Largest known prime: 2^43,112,609 - 1
By Murray Bourne, 22 Jun 2009
A reader wrote to say that there was an error on the page Number Properties in Interactive Mathematics. It said:
213466917 − 1. (This is huge - around 4 × 10506,756).
When I wrote the page, this was indeed the highest known prime, but in 2008, the GIMPS project (the distributed computing Great Internet Mersenne Prime Search) found an even larger one:
243,112,609 − 1
This prime has around 13 million digits. Here are some of them (with millions of digits omitted in the middle):
[Image source: ScienceNews - no longer available]
It's an example of a Mersenne Prime, which are of the form 2x − 1.
The first Mersenne Prime is 22 − 1 = 3, and the next is 23 − 1 = 7.
But not all numbers in this form are prime, for example 24 − 1 = 15 is not prime.
So finding primes is a matter of trying higher values of x in the expression 2x − 1 and testing if they can be factored.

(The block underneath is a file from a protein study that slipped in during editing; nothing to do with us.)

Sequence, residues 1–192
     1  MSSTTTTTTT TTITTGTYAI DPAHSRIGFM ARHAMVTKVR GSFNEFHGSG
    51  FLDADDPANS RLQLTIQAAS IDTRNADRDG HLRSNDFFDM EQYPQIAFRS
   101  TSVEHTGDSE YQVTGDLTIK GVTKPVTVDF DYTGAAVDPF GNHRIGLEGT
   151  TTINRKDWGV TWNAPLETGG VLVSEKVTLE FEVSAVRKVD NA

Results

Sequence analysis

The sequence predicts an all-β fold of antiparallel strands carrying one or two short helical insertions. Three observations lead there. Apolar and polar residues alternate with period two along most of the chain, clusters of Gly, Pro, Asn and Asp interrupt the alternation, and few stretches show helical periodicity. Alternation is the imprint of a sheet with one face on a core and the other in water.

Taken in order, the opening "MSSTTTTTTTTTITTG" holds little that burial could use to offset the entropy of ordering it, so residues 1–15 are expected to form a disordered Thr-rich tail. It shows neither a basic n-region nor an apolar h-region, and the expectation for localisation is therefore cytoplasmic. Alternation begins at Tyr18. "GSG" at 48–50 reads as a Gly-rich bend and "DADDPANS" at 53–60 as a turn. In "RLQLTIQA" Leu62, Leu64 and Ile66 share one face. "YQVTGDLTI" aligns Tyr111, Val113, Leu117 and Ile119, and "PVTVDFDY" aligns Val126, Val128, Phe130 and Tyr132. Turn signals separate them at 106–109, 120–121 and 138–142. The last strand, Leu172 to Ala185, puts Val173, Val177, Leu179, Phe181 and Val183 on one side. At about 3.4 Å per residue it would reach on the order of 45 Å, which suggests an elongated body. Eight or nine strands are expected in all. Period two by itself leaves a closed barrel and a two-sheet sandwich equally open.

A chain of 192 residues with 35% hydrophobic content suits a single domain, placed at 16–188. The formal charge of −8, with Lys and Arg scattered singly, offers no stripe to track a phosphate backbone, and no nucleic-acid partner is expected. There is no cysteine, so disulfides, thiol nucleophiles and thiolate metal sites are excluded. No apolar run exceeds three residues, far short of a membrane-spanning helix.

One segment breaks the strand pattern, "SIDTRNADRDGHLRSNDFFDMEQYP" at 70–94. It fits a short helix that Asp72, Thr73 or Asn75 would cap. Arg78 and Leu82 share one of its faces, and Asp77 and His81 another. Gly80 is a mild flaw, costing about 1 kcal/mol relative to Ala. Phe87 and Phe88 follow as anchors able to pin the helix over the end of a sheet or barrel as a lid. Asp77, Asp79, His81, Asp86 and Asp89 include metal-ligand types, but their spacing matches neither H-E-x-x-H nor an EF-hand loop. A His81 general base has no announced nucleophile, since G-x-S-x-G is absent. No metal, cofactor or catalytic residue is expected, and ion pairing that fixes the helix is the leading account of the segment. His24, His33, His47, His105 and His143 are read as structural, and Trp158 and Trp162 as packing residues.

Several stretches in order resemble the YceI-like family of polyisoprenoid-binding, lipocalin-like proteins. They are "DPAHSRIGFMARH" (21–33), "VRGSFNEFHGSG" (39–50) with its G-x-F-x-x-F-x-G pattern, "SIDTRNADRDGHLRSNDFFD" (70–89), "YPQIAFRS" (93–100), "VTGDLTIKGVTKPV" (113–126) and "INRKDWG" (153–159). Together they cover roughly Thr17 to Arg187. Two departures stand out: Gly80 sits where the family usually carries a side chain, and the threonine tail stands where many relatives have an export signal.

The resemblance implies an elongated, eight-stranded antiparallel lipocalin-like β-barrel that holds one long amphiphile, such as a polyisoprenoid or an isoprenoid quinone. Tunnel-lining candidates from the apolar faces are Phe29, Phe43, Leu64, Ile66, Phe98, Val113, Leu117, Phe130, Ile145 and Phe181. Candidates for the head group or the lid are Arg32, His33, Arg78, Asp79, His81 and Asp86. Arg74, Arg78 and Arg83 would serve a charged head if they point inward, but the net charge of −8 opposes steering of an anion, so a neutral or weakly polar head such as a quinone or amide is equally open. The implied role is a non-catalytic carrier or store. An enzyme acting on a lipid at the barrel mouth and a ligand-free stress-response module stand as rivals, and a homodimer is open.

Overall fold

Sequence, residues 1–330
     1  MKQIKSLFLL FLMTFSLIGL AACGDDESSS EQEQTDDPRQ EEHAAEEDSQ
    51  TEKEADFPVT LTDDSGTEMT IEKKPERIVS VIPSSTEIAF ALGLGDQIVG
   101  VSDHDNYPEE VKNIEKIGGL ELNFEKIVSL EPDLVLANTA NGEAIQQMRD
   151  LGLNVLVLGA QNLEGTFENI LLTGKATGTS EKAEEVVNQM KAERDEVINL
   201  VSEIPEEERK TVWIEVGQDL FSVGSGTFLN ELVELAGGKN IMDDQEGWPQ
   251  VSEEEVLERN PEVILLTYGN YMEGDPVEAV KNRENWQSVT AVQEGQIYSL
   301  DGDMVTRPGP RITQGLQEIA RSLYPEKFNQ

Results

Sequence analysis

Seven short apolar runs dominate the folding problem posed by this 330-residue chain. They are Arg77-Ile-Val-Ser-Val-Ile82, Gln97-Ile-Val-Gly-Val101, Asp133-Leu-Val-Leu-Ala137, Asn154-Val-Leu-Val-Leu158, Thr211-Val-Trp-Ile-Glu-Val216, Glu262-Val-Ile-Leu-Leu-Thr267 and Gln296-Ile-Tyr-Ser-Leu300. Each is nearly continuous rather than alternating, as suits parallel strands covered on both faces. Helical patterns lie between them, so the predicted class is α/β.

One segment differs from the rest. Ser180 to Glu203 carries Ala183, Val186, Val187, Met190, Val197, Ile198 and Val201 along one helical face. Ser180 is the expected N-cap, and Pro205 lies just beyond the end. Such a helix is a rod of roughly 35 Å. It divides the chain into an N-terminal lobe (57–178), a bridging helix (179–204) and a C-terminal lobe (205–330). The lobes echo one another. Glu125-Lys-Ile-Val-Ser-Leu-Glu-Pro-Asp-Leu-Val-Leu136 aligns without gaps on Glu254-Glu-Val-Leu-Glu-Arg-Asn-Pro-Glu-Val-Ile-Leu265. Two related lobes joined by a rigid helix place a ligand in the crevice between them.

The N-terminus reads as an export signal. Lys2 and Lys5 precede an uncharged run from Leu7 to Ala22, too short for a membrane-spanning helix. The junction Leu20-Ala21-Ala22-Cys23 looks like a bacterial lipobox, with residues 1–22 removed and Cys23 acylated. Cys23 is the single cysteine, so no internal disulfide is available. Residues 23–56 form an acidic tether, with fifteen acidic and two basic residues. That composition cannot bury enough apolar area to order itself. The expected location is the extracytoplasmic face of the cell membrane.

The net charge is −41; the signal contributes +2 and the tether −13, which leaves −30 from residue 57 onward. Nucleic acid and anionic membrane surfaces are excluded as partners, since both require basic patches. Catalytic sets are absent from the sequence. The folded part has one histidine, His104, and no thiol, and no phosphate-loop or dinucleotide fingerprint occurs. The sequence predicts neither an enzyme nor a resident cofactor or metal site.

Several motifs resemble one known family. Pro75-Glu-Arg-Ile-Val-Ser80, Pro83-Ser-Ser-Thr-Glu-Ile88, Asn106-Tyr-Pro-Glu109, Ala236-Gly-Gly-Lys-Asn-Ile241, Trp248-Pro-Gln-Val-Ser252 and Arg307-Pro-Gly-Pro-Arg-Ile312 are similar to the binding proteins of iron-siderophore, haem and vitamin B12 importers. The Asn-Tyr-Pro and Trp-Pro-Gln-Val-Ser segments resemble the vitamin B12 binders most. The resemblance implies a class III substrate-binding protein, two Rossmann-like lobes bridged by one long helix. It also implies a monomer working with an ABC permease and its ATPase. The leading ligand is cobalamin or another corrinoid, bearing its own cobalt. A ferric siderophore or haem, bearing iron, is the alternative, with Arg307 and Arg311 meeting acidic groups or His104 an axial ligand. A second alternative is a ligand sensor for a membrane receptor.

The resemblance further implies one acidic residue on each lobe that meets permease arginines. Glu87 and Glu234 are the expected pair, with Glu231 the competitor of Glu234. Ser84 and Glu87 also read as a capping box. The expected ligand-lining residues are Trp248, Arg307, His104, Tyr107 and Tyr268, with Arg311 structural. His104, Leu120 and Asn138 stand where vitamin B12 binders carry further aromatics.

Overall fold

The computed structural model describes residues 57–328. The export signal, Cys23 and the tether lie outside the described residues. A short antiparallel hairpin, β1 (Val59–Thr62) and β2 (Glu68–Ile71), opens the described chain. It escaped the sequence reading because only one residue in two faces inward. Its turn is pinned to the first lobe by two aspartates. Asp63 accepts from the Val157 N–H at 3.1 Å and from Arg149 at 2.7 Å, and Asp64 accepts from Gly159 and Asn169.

What is a prime?
A prime has exactly 2 factors, itself and 1. So the first prime is the number 2 (factors 2 and 1).
Every time you use a password to access a bank account or web site, there is a good chance that a large prime number was used in the encryption process.
Want to make some money with primes?
The Electronic Frontier Association paid $100,00 for the above prime, and are offering $150,000 for a prime with 100 million digits and $250,000 for one with 1 billion digits.
This is where distributed computing power becomes important — according to ZDNet, a single computer would need 500 years to test a billion-digit prime number.
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